Welcome to a dilemma currently being faced by Birmingham (UK) band Editors, one that has been faced by countless other bands that reach the same career crossroads – the most notable recent high profile example being a band such as The Killers, a band not all that dissimilar to Editors in style. It is a crossroads that many bands – or any half decent band with wider aspirations – reach around album number three, or in the case of Editors, we’re up to studio album number four.
Ah well, even after a band has lost a section of its original core support, there’s the small matter of all that cash rolling in by way of consolation ... and it seems rather more than mere coincidence that the more sales Editors achieve, the harsher the critical reception it faces. So far, for the band’s latest, The Weight of Your Love, that reception has been a mixed bag.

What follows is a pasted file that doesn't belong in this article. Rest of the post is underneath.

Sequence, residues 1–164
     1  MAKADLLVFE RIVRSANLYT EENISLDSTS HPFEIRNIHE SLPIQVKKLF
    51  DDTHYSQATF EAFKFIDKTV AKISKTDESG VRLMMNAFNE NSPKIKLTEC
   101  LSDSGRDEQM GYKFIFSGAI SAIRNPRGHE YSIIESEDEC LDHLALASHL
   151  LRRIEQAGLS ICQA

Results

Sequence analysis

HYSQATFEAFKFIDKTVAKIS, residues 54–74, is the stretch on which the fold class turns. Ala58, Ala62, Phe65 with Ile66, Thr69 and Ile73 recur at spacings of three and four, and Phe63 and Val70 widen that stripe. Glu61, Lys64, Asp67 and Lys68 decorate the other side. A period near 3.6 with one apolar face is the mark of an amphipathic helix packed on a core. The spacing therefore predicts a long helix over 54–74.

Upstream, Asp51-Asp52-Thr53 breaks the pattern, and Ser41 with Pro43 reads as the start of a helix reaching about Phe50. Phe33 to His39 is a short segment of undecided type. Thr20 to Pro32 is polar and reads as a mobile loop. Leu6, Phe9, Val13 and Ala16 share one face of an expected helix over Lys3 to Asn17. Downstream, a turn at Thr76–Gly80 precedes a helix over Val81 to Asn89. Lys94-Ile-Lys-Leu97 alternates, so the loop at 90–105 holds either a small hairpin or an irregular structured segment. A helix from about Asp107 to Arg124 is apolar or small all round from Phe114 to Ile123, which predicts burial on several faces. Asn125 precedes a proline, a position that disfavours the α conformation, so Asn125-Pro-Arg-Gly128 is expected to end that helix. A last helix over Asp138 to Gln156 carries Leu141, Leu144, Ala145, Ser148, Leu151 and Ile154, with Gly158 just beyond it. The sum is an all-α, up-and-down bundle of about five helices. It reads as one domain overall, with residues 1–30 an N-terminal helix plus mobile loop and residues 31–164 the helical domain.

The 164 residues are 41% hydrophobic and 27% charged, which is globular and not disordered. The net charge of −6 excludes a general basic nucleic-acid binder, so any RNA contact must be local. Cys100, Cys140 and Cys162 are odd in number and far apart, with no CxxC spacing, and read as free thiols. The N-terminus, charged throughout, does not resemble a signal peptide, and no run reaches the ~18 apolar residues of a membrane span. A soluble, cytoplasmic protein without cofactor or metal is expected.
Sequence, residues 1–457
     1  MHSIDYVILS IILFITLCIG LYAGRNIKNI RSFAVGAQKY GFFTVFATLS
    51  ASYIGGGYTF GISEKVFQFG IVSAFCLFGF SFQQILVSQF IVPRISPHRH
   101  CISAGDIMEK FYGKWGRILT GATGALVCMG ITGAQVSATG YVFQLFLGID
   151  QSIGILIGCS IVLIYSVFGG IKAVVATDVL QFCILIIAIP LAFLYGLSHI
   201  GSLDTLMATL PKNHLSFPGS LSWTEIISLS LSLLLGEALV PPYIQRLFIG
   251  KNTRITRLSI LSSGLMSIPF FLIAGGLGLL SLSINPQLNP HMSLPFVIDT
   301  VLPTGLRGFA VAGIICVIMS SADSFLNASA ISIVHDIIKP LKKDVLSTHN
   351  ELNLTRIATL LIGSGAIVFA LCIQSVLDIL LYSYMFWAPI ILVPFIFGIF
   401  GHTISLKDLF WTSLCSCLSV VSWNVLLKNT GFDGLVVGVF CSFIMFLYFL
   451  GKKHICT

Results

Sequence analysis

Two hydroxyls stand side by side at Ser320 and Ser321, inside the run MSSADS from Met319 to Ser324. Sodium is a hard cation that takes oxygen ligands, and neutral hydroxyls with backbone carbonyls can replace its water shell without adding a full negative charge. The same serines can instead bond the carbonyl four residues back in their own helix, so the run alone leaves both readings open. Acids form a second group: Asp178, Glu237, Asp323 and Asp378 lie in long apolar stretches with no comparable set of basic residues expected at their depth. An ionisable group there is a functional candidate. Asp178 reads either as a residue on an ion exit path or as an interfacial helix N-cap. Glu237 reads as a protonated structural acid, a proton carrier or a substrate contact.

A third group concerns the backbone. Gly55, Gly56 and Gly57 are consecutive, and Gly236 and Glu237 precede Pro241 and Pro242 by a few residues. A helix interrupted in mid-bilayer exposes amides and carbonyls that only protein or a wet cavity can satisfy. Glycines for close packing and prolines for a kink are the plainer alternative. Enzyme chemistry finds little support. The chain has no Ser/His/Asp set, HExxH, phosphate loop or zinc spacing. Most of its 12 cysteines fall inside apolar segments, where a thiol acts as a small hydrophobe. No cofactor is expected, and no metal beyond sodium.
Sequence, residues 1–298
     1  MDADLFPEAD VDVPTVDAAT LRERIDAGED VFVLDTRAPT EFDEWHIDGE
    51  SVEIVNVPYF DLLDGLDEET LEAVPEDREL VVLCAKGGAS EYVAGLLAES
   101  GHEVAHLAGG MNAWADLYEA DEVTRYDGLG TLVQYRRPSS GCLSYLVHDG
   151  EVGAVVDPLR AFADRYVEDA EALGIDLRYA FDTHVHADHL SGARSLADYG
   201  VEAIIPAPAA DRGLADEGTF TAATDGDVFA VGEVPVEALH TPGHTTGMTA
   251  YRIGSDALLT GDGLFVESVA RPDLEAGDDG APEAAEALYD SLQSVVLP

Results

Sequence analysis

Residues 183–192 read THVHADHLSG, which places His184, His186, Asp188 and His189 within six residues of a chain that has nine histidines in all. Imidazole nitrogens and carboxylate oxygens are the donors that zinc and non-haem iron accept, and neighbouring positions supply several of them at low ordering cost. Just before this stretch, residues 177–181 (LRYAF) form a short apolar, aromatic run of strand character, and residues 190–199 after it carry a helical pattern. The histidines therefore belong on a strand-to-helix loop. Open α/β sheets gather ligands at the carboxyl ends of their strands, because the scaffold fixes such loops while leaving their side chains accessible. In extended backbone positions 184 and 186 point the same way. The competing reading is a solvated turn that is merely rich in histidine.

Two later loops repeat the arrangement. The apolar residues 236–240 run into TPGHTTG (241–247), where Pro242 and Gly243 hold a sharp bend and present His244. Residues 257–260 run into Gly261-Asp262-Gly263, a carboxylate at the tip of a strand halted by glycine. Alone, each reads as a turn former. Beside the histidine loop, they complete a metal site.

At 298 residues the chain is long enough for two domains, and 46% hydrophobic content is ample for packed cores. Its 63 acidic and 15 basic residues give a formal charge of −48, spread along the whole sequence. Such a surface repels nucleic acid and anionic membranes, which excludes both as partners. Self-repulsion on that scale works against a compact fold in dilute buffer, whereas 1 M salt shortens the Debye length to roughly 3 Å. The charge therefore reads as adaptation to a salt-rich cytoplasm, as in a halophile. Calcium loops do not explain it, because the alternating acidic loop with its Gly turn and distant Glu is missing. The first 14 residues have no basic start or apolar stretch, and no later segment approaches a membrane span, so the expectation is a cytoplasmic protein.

|Main-staging: Editors at Reading|
That The Weight of Your Love contains an unusual (for Editors) proliferation of songs dedicated to matters of the heart suggests the band ultimately decided to try to appeal a wider mass, rather than a select fussy few. There’s nothing wrong with that. There’s nothing wrong with wanting to top the bill and make the sort of music that festival goers love, so long as you realise that not everyone is going to thank you for it.
Highlights: ‘A Ton of Love’, ‘Formaldehyde’, and what is the clear stand-out for me, ‘The Phone Book’ (see clip).